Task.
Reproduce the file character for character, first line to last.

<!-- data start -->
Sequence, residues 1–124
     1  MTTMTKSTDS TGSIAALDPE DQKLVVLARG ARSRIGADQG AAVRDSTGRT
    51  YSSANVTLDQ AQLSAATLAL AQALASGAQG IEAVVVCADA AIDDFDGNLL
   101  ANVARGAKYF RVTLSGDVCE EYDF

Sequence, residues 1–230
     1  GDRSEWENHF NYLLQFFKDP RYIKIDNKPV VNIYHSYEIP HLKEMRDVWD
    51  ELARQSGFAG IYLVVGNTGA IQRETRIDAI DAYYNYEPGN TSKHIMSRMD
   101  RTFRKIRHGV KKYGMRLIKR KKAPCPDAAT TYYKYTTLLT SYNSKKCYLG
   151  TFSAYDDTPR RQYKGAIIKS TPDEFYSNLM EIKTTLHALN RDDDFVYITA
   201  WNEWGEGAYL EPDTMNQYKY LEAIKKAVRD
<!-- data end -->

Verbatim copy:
Sequence, residues 1–124
     1  MTTMTKSTDS TGSIAALDPE DQKLVVLARG ARSRIGADQG AAVRDSTGRT
    51  YSSANVTLDQ AQLSAATLAL AQALASGAQG IEAVVVCADA AIDDFDGNLL
   101  ANVARGAKYF RVTLSGDVCE EYDF

Sequence, residues 1–230
     1  GDRSEWENHF NYLLQFFKDP RYIKIDNKPV VNIYHSYEIP HLKEMRDVWD
    51  ELARQSGFAG IYLVVGNTGA IQRETRIDAI DAYYNYEPGN TSKHIMSRMD
   101  RTFRKIRHGV KKYGMRLIKR KKAPCPDAAT TYYKYTTLLT SYNSKKCYLG
   151  TFSAYDDTPR RQYKGAIIKS TPDEFYSNLM EIKTTLHALN RDDDFVYITA
   201  WNEWGEGAYL EPDTMNQYKY LEAIKKAVRD